My Ruler Must Be Broken

Measuring Power Consumption Can Drive You Crazy

by Jim Turley

“The most exciting phrase to hear in science, the one that heralds new discoveries, is not 'Eureka!' but 'That's funny...'” – Isaac Asimov

According to Adam Savage, the difference between science and just screwing around is writing it down. It’s the measurement – the annotation, the calibration, the methodical note-taking – that separates good science (and engineering) from mere hacking and tinkering. Without good measurements there can be no good science.

So raise a caliper and spare a thought for the measurers in our industry - the ones wielding the oscilloscope probes, the voltmeters, the electron microscopes. For they are the ones who enable us to produce better, faster, and more reliable electronics.

 

FPGA Synthesis Showdown

The Big Game That Never Ends

by Kevin Morris

I’ll be the first to admit that I don’t understand cricket, but I’m told that cricket matches can sometimes run for days on end, and that it’s often unclear who’s winning until, suddenly and unexpectedly, one team meets some arbitrary victory conditions and then goes home to celebrate with a few pints. The FPGA synthesis game is a lot like that. It’s a high-stakes game with vast amounts of revenue at stake, not to mention some serious technology bragging rights, but it’s never really clear who’s ahead, who’s behind, or even what the rules were in the first place. It’s been going on that way for something like twenty years, and despite fierce competition and incredible technological advances in the tools, the scoreboard is still basically a bunch of gibberish. Nonetheless, the audience is stuck on the edge of their seats (Maybe they’ve been Super Glued there?) watching every move in this weird and wacky contest between tool nerds that have never met.

 

A Non-FinFET Path to 10 nm

GlobalFoundries’ FD-SOI Alternative

by Bryon Moyer

It was the coolest transistor development in many a year. Rather than continually squishing transistor parts closer and closer together, we flipped it to vertical and celebrated the arrival of the FinFET.

Which was great: it gave us a way to keep increasing performance in many of the applications where the value lies in the speed of the circuit. But after the initial party was over and we started picking up the pointy party hats and nursing the hangovers with massive doses of ibuprofen, we started looking at the bill. FinFET is nice, but it’s also expensive. And, while we’re throwing stones, it’s also not so great for analog and RF designers based on the quantized nature of the gate. You can’t increase channel dimensions by 1.5 times; it’s either 1 or 2.

 

Jumping Jack Flash Memory

3D Flash and Beyond

by Amelia Dalton

In this week’s Fish Fry, we’re exploring everyone’s favorite non-volatile memory technology: flash. (And not just any old kind of flash!) Scott Nelson from Toshiba gives us the scoop on a new 3D flash memory technology. We discuss the advantages of 3D flash memory and look at how 3D flash memory will change how we use memory technology in the future. Keeping with our 3D theme, we also check out a new 3D printing technique developed at Northwestern University that aims to make metallic 3D printing cheaper, faster, and more robust than ever before.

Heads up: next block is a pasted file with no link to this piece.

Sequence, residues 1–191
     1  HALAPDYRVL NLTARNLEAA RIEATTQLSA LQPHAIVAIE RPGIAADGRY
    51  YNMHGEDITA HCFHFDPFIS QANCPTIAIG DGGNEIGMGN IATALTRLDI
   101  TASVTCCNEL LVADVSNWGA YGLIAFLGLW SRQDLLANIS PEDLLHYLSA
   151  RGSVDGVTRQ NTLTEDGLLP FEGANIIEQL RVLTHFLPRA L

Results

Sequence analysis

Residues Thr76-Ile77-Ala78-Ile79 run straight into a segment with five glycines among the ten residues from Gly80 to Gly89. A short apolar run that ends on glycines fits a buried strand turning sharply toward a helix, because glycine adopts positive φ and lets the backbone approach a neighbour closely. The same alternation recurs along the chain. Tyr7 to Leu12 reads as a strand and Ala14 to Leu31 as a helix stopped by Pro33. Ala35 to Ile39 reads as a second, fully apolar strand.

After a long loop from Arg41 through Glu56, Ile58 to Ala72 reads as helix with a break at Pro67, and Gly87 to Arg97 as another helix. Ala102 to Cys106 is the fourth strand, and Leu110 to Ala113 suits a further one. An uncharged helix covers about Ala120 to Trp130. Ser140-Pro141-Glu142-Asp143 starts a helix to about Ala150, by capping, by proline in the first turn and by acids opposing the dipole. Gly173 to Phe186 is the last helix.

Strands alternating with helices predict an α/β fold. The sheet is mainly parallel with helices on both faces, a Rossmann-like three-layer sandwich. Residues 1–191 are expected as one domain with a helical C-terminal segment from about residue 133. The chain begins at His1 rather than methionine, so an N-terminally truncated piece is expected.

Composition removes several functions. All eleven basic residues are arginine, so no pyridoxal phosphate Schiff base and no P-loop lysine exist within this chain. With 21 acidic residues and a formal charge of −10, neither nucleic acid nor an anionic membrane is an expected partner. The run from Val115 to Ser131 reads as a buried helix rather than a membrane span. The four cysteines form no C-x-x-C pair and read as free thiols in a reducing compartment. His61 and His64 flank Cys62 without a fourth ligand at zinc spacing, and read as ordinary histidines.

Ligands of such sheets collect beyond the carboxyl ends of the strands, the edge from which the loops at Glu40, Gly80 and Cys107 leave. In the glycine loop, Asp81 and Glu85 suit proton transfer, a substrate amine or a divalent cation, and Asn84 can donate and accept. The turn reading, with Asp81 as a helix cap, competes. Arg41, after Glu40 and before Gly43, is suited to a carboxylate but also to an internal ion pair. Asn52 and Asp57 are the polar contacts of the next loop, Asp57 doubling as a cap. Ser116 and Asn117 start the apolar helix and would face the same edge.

How to Select the Right Embedded Design Software

by Mats Pettersson, Altium

Regardless of your job or industry, things are moving faster than ever. With breakthroughs in technology happening on a regular basis, new competitors can disrupt and unseat established businesses that have been built over many years. This phenomenon is no different for embedded software developers. These changes are creating pressure to complete the job faster and more efficiently than ever before, while also ensuring that software is high-performance and bug-free.

In all honesty, it can be a bit overwhelming.

With demands and pressure piling up, it’s vital to have the right embedded software design tools that can make your job easier — well, at least not make it any harder by having a lot of “work-arounds” and outdated features.

 

The Business of the Impossible

ASML’s EUV Lithography Tools Push the Boundaries of Invisible

by Jim Turley

There aren’t many industries where 15 units qualifies as “a big order.”

Battleships. Nuclear power plants. And EUV tools.

For the 14,000 employees at Dutch lithography company ASML, 15 orders for EUV tools is a big deal. Even though that number spans five years and four generations of the company’s EUV equipment, it’s still considered “volume.” Walmart they ain’t.

EUV (extreme ultraviolet) lithography is still is bit space-age and sci-fi for many chipmakers. We’ve been shining DUV (deep ultraviolet) light on our chips for quite a while now, but the limits of that technology are making themselves known.


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